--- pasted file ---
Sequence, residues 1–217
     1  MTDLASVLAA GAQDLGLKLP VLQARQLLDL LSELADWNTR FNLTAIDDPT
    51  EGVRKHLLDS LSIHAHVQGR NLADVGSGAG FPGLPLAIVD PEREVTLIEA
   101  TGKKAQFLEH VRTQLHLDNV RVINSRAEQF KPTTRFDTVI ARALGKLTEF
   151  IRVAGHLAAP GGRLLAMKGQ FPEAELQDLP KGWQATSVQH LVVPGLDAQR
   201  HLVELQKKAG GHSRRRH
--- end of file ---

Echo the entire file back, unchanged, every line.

Sequence, residues 1–217
     1  MTDLASVLAA GAQDLGLKLP VLQARQLLDL LSELADWNTR FNLTAIDDPT
    51  EGVRKHLLDS LSIHAHVQGR NLADVGSGAG FPGLPLAIVD PEREVTLIEA
   101  TGKKAQFLEH VRTQLHLDNV RVINSRAEQF KPTTRFDTVI ARALGKLTEF
   151  IRVAGHLAAP GGRLLAMKGQ FPEAELQDLP KGWQATSVQH LVVPGLDAQR
   201  HLVELQKKAG GHSRRRH